I have consistently been impressed by your accommodating attitude. There are rogue elements in every sport, and there have been several assaults on bikers by skiers. Nothing leads me to believe that you would condone any sort of violence.
    As far as trail access goes, there are currently only a very few short trails open for fatbikes and they are almost all in the West Bragg Creek area. This does not condone poaching other trails, but rather speaks to continuing to work toward regaining access to trails where a safe accommodation for all sports can be made. I think a good case could be made for Elk Pass Trail to be reopened since a grooming change could mitigate the damage to the trackset by snowshoes as well as accommodate bikes. I have been frustrated on skis more than once to find the trackset erased by snowshoers and I know you have too.
    Hope to see you again on the trail regardless of whether I am traveling by bike, ski, snowshoe, foot, or some other snow sport I have yet to discover.

    When I posted that picture in 2013, the PLPP authorities asked me not to make a habit of it because they were in the process of banning fat bikes and didn’t want to encourage it. I added the “not allowed” caption a few years later when they really were banned. -Bob

  3. You are right about calling yourself a trouble maker Bob. It is very unfortunate that you have decided to use your blog and other social media to bring shame on people by using their names and pictures to make a point, but the shame is on you.

    • Is this a joke? I thought Bob handled the entire situation as diplomatically as possible. If I had been in his ski boots that day, I don’t think I would have been quite as cordial. Let me guess, you were in the group of Fatbikers on Blueberry Hill, and cant stand the fact that you got busted.

      • I don’t see the need for this article as Derrick Lee has apologized and made a commitment to do better. That should be the end of it, time to move on. I do both xc and ride and don’t see how this is constructive in the healing process between the groups.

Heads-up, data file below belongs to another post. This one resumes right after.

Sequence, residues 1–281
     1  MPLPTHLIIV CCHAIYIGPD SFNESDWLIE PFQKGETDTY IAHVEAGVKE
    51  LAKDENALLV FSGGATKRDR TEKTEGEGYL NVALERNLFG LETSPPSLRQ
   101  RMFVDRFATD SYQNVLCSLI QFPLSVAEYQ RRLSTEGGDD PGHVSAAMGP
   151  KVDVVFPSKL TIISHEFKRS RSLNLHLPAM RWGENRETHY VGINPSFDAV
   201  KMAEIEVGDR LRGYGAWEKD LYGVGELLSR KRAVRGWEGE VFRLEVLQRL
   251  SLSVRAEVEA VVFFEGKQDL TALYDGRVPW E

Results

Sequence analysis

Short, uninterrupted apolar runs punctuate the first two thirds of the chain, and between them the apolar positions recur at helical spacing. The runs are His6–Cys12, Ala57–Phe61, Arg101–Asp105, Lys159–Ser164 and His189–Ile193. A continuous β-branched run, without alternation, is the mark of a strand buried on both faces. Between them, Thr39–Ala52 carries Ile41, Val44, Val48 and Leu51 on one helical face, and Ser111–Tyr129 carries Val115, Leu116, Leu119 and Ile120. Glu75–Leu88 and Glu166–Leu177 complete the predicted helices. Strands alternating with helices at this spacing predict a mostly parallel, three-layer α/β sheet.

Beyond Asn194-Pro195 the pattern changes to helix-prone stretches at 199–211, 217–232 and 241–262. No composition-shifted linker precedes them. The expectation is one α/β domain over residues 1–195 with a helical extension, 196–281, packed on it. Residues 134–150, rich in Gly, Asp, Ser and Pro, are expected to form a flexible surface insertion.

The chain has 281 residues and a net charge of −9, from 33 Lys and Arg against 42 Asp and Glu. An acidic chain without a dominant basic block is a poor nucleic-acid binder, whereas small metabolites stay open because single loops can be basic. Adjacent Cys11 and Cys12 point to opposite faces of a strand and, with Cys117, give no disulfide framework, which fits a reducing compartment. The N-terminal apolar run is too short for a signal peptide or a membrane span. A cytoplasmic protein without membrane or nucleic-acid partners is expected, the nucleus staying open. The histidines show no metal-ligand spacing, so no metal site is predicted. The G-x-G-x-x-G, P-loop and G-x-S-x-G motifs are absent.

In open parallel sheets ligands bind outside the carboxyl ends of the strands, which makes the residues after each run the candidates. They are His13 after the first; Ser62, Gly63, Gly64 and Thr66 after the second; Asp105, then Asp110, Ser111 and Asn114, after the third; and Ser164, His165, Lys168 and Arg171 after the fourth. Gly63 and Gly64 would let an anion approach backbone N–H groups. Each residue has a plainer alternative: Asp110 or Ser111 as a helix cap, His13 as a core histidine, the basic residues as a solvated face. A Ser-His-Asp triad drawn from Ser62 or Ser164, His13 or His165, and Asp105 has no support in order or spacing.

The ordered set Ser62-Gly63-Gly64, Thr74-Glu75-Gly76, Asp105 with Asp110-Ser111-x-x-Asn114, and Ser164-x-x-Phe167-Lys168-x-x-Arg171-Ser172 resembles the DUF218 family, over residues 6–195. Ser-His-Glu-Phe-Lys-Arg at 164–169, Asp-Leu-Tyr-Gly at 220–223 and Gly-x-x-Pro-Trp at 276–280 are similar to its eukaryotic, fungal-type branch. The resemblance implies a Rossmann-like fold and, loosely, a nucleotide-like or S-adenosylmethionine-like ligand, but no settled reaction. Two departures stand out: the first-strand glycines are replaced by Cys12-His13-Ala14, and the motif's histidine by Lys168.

• I agree Bruce. The apology from Calgary Cycle was professional, honest, and heartfelt. I was duly impressed by it and I was very surprised and somewhat disappointed that wasn’t the end of it. Now I wonder if Bob doesn’t remember the conversation correctly either. I am not questioning his version of the event at all; it just should have been over. What more could they have done????

            • So many holes in that argument. Here’s one of the simplest ones. On a confined trail (say 6 – 8 feet wide), a skier takes up about 40 cm of trail width by skiing in the tracks. A fat bike handlebar is typically 750 – 800mm wide and they ride in between the tracks. So double the width of a skier and taking up the run-out lane/descending lane. Fatbikes rarely travel in single file, so with 2 or 3 riders, the majority of the ‘middle trail’ is occupied with a mix of impact-resistant carbon or aluminum. From a side profile, a skier is 30 cm wide and a body on body collision can be avoided by skiing over the tips or tails of the skis. A fat bike is a~4 feet wide steel/aluminum/carbon fence. You don’t see the safety risks of high speed mixed use trails? Pretty much every other place that offers XC and fat biking does. Second issue – percentages mean nothing. Cross country skiers outnumber fatbikes at least 20:1.

  4. I see there is now a note at the bottom of the comments on the PLPP Trail Report stating ‘Fat Bikes are not allowed on this trail system’. That pretty much covers it. Next is the signage.

  5. My take is that now we should move on. Apology has come from the bike shop. The vast majority of responses on the MTB and Fat bike forums are condemnation of the bikers. We always will have nay sayers who feel persecuted or just are contrary who will post negative things about this incident. I’m not saying don’t be vigilant but we all need to know where we can or cannot ski, hike, bike, snowshoe. XC skiers aren’t angels. I ran into a guy skating up MLR, on top of a skied in track,after a heavy snowfall (trail not groomed or trackset). I asked him not to skate on the track and his response was “where should I be skiing, do you think I shouldn’t be out here?” I even expressed sympathy that there was no skate lane. He just kept skiing up the track. XC skiers, Fat bikers are here to stay. We all have to work it out. Heck I’ve even ridden a fat bike a few times. It was lots of fun. After 45 years of skiing another toy….Hmmmm.

    • Here’s the dilemma. CBC wants to do an interview about this situation. I think it’s better to explain to people and give them some insight than to say it’s all over and we’re moving on. You can bet they will also be talking to the fat bikers. That’s what I mean about making a mistake when I started this blog. It comes with a responsibility to speak for the xc ski community and I don’t think I should shirk that duty. It all takes time.

      • Bob
        I think you need to talk to the CBC. That is the beginning of the education process.

        If no one hears about the danger you encountered, then how will they learn from it.

        What if that was me coming down from Blueberry Hill? It would have been a train wreck.